Cathepsin B Plays a Key Role in Optimal Production of the Influenza A- Virus
Background: Influenza A- virus (IAV) is the etiologic agent of the febrile respiratory illness, commonly referred to as ‘flu’. The lysosomal protease cathepsin B (CTSB) has shown to be involved in the lifecycle of various viruses. Here, we examined the role of CTSB in the IAV lifecycle.
Methods: CTSB-deficient (CTSB -/-) macrophages and the human lung epithelial cell line A549 cells treated with CA-074Me were infected with the A/Puerto Rico/8/34 strain of IAV (IAV- PR8). Viral
entry and propagation were measured through quantitative realtime RT-PCR; production and localization of hemagglutinin (HA) protein in the infected host cells were analysed by Western blots, flow cytometry and confocal microscopy; production of progeny viruses were measured by a hemagglutination assay.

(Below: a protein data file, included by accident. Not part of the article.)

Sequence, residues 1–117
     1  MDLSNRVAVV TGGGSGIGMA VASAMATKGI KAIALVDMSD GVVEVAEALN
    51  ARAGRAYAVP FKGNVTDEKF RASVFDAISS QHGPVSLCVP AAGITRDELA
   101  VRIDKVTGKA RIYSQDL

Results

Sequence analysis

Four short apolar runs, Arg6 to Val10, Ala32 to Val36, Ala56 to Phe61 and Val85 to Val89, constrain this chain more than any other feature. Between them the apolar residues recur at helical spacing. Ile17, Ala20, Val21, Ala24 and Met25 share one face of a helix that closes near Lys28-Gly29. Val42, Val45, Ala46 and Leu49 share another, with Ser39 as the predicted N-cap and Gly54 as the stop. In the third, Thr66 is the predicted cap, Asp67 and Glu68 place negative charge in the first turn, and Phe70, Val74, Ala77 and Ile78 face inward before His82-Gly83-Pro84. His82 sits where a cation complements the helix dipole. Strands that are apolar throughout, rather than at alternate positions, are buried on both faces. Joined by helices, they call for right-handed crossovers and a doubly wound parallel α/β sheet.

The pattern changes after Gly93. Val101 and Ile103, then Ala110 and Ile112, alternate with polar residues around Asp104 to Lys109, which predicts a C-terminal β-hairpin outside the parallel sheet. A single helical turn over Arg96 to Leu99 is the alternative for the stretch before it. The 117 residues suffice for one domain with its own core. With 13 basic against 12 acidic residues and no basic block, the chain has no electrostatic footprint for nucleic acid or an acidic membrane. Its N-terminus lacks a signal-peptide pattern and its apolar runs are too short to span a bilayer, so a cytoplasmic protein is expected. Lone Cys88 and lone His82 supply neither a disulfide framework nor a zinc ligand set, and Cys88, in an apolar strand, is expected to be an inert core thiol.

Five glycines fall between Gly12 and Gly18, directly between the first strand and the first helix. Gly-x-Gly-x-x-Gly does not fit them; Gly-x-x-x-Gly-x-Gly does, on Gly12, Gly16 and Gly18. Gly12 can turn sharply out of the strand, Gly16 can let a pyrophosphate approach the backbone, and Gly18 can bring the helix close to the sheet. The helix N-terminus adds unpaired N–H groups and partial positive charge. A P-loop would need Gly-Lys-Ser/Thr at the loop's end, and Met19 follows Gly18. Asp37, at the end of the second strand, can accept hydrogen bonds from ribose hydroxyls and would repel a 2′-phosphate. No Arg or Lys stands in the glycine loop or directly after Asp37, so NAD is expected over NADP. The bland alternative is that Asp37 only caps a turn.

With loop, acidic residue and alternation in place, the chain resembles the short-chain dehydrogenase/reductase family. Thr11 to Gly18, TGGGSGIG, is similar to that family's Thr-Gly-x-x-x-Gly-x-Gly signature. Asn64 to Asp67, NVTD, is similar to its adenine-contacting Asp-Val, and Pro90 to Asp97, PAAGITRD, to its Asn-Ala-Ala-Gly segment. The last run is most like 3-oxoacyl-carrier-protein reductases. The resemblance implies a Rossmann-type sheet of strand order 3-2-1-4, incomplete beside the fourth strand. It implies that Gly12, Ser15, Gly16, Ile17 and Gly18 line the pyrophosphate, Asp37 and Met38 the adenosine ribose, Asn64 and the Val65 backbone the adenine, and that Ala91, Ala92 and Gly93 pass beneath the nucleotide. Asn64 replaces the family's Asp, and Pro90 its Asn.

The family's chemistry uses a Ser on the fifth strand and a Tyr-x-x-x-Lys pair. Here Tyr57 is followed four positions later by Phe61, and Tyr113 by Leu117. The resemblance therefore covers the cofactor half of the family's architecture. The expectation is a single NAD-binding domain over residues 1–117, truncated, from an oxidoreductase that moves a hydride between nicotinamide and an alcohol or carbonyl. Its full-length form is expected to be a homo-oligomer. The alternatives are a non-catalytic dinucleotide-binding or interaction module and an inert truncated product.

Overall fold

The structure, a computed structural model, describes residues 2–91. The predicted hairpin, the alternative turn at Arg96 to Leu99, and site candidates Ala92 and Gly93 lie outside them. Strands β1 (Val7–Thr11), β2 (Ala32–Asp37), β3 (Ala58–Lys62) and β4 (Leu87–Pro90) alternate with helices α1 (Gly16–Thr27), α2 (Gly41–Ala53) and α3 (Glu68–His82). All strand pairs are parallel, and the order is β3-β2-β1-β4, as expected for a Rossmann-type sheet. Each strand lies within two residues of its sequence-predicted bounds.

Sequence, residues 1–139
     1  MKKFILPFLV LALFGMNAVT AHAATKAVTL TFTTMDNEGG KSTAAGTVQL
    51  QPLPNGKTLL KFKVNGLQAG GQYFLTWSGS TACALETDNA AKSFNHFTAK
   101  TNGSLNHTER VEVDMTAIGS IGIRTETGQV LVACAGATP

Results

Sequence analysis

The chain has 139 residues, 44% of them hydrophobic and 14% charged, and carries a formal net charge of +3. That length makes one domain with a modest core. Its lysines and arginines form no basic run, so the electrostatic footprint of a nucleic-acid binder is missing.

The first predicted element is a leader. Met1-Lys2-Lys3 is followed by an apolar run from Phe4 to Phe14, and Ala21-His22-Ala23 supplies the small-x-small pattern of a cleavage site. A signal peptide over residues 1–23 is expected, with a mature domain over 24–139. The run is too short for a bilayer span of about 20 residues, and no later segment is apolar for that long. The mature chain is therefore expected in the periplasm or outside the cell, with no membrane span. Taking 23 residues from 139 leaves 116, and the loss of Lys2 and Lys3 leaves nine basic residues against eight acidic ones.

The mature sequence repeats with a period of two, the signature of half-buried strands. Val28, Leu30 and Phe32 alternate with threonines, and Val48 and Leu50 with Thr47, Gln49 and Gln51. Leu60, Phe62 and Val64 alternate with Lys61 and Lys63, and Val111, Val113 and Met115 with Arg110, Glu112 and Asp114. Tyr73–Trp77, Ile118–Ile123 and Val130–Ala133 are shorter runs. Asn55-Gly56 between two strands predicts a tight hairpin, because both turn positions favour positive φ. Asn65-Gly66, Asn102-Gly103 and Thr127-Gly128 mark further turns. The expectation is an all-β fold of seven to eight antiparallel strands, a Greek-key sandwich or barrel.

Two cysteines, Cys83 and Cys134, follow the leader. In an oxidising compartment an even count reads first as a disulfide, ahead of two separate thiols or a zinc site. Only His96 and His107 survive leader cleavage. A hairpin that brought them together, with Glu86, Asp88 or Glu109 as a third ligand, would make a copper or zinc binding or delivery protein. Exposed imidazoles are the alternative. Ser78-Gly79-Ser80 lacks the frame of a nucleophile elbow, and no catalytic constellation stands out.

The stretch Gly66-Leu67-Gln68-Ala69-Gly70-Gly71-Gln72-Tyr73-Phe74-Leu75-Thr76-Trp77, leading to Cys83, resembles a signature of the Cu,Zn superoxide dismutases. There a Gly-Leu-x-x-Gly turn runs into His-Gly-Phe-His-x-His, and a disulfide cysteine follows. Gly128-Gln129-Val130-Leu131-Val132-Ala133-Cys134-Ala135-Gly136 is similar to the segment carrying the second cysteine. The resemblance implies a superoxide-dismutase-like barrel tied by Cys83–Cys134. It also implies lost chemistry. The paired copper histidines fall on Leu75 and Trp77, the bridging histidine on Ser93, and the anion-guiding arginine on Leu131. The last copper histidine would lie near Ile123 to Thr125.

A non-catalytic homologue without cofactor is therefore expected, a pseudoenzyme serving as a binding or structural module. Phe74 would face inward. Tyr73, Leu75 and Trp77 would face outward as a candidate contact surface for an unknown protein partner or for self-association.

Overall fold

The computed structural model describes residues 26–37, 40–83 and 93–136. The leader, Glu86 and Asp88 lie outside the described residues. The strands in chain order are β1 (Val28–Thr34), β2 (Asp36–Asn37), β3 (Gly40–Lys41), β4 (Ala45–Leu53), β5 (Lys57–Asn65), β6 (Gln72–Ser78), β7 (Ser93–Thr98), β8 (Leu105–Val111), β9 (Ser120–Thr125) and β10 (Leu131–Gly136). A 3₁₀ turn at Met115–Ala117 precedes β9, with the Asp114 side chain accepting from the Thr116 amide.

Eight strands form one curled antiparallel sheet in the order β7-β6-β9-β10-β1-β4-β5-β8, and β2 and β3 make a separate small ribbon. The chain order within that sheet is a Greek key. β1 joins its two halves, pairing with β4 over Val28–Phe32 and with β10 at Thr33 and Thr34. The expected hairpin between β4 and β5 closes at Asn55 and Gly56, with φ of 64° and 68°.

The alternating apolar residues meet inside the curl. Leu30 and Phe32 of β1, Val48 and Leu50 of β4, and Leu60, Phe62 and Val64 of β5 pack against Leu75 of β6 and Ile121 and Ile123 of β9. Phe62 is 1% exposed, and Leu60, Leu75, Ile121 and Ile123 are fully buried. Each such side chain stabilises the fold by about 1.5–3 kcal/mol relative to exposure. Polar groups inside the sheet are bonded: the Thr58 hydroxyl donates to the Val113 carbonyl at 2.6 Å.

Results: CTSB -/- macrophages and CA-074Me-treated A549 cells had no defects in incorporating IAV-PR8 virions and permitting viral RNA synthesis. However, these cells produced significantly lower amounts of HA protein and progeny virions than wild-type or untreated cells.
Conclusion: These data indicate that CTSB is involved in the expression of IAV-PR8 HA protein and subsequent optimal production of IAV-PR8 progeny virions. Targeting CTSB can be a novel therapeutic strategy for treating IAV infection.